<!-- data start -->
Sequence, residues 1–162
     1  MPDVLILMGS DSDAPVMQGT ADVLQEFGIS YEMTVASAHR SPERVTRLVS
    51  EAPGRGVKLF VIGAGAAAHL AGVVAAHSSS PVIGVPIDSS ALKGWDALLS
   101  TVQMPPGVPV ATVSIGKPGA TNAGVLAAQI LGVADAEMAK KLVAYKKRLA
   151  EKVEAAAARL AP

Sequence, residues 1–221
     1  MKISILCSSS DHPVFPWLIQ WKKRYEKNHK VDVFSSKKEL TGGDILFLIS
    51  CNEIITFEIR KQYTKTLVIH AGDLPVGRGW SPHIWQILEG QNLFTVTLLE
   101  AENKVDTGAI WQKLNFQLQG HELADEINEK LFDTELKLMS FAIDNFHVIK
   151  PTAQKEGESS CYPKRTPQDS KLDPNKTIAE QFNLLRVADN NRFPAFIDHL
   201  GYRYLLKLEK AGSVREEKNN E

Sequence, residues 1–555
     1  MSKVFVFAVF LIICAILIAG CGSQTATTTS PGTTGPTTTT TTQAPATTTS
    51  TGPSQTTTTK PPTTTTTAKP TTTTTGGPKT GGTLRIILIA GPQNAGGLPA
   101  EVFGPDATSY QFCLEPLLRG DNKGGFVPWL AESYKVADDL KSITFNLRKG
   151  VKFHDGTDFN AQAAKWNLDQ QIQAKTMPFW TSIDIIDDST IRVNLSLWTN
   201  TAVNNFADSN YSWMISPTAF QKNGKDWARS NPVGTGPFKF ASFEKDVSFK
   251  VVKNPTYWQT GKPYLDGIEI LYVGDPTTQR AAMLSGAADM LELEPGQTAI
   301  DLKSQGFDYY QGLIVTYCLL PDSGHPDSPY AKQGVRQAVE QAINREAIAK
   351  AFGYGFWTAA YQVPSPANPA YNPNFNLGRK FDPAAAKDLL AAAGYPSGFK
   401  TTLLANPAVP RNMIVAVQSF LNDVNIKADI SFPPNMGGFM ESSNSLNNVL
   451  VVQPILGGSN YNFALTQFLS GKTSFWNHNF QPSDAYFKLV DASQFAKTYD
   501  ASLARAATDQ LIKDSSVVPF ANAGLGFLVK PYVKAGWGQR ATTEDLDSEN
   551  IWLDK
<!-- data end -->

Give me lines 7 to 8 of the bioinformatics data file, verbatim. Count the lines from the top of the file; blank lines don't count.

     1  MKISILCSSS DHPVFPWLIQ WKKRYEKNHK VDVFSSKKEL TGGDILFLIS
    51  CNEIITFEIR KQYTKTLVIH AGDLPVGRGW SPHIWQILEG QNLFTVTLLE